Torin Douglas: The PVR: a revolution or just another video nasty?

The PVR promised to free viewers from TV schedules, letting them choose what to watch when they wanted, but it has failed to capture the imagination of Torin Douglas

I have a sad confession to make. Last week I watched all 24 episodes of 24. Maybe not as sad as the Sunday Times reviewer who tried to watch the entire series in real time on DVD, starting at midnight, and fell asleep for three hours – missing the rape scene and about two dozen other crucial plot developments.

But sad enough to spend all week avoiding articles and previews for fear of having my surprises pre-empted – like the Likely Lads episode in which they try to avoid hearing the football result.

What was particularly sad was that I had tried and failed to watch 24 right from the start of its run six months ago. The cult US crime series – portraying 24 frenetic hours in the life of federal agent Jack Bauer in 24 one-hour chunks (give or take 15 minutes for commercials) – had been clearly signposted as one of the great television experiences.

It was scheduled and marketed strongly by BBC2, with previews of the following week’s episode – and follow-up chats – on BBC Choice. A few weeks after it started, they gave us another chance to get involved by screening a catch-up weekend to let us get into it again. And still I couldn’t crack it. Yet I have no excuse for missing any episode of any programme on any channel, ever again. Or so I was assured when I volunteered to test the machine that is meant to change your life, the personal video recorder (PVR). They told me I’d hardly watch live TV, that it would free me from the shackles of the schedulers and let me watch my favourite programmes at times of my own choosing.

I have two PVRs – a Sky Plus in the living room and a TiVo in the bedroom, attached to the service formerly known as ITV Digital. Both will record hours of programmes on a hard disc, at the touch of a button, as well as allowing you to pause live programmes when the phone or the doorbell rings. I also have two conventional video cassette recorders.

Were I even halfway organised I could have got into 24 six months ago and enjoyed the twists and turns week by week, sharing them with other fans. As it was, I had a hectic – though highly enjoyable – six days, watching four episodes a night, courtesy of BBC Choice. I had to take care to avoid Jon-athan Ross and his nightly interruptions with 24 Heaven, for fear he’d give away crucial plot developments, but seeing it in that concentrated form gave it a different edge. The nearest thing to it was watching that other classic mole-hunt, Tinker Tailor Soldier Spy, last Christmas, when BBC2 ran it in nightly episodes.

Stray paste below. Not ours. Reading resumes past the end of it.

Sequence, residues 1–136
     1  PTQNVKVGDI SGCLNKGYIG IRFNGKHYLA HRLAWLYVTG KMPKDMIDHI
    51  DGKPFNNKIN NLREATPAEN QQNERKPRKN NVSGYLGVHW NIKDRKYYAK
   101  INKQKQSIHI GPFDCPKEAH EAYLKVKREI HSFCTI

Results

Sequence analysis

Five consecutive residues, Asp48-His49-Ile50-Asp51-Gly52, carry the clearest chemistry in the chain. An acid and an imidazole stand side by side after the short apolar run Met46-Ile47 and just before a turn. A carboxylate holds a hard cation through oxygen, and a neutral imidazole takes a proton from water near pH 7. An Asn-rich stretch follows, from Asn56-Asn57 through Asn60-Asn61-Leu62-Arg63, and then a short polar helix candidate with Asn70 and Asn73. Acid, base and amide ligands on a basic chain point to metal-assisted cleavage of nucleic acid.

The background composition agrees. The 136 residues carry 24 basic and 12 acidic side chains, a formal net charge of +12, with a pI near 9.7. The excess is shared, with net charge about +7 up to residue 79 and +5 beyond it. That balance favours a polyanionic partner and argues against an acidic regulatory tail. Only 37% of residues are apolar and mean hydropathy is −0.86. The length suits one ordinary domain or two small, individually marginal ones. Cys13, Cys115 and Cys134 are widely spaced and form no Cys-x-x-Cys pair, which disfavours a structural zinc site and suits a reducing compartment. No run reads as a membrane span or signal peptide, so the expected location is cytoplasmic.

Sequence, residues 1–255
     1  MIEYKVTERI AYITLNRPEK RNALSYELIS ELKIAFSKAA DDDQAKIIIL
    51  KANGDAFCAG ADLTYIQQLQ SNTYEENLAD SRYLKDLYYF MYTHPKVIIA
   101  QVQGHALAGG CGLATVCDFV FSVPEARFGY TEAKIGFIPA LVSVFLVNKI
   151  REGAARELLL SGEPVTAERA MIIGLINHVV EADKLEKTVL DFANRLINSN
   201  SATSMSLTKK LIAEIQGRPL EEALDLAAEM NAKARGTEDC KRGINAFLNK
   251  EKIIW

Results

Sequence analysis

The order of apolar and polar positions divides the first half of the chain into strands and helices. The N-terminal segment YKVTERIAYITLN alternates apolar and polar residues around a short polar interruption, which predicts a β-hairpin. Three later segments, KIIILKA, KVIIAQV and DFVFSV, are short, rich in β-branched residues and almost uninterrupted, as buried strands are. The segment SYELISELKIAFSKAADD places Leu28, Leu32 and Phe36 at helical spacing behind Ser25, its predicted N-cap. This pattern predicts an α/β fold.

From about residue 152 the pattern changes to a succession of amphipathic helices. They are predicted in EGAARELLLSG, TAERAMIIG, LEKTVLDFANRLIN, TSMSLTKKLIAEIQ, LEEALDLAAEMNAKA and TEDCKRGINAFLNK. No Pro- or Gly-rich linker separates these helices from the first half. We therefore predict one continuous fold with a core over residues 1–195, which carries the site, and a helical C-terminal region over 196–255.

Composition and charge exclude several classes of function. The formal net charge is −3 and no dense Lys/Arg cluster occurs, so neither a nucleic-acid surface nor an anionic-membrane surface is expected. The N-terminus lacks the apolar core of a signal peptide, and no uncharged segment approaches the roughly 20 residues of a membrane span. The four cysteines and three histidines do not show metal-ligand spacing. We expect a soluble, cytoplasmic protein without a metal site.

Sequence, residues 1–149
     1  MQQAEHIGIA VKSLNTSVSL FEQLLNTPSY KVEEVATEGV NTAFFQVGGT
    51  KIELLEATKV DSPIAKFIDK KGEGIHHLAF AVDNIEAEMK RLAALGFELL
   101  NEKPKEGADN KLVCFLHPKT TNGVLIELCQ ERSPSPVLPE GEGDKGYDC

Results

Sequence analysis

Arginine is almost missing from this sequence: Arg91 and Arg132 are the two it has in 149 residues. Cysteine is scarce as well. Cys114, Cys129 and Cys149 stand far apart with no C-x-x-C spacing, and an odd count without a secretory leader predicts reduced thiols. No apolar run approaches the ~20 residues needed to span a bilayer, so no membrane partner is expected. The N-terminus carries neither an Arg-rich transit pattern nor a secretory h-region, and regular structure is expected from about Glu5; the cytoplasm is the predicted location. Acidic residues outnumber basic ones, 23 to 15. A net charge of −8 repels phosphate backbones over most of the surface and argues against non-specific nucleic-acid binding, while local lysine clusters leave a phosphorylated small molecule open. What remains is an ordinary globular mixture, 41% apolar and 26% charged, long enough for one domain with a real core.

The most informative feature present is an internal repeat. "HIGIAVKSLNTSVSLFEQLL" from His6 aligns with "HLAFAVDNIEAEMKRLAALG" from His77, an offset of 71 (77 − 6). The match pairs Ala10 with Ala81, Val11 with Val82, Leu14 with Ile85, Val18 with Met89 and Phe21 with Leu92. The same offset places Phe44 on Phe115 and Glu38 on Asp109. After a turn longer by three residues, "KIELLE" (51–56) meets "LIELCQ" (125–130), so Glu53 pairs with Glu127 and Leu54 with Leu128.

What is particularly worrying is that it seems I am almost alone in having failed to make the most of the PVR. Sky Plus has just produced research showing that nine out of ten users say they “never miss a favourite programme” and eight out of ten say it has reduced family arguments over what to watch. No fewer than 41 per cent say they plan their viewing a week in advance.

In principle, I can see why. Sky Plus is very simple to use. To record a programme, you simply go to the Electronic Programme Guide, find the programme listing and press the “record” button. There’s no racing around looking for an empty videotape, or one you can safely wipe, winding it back to the beginning and then discovering you’ve missed the start of the programme.

In practice, it’s different – certainly in my house. To start with, you have to know what you really want to watch. And though it is perfectly possible to sit down at the start of the week with the Radio Times or a free TV listings supplement, ordering up programmes for the next seven days, it’s a discipline I have not yet mastered.

What really depresses me is the eight out of ten PVR owners who say it has reduced family arguments. We have even more rows these days because the hard disc is always full with my children’s choices and we can never decide what programmes to wipe.

It doesn’t take that many hours of The Simpsons, South Park, Friends, The Osbournes and music videos to fill up the hard disc, which means that every time we record anything new we have to make some tough decisions. Do we really need that BBC4 Peter Brook production of Hamlet that we still haven’t got round to watching but makes us feel more intellectual? Or do we just zap The Simpsons and Friends?

In the meantime, how many viewers like me dedicated their evenings last week to BBC Choice? According to the overnight figures, the 24 repeats averaged around 83,000, rising to 100,000 by the end of the week. 188,000 viewers then chose to watch the final episode on BBC Choice, compared with 2.9 million on BBC2.

The question now is whether I can discipline my viewing sufficiently to join the nine out of ten who “never miss a favourite programme” in time for the next series.

Torin Douglas is media correspondent for BBC News

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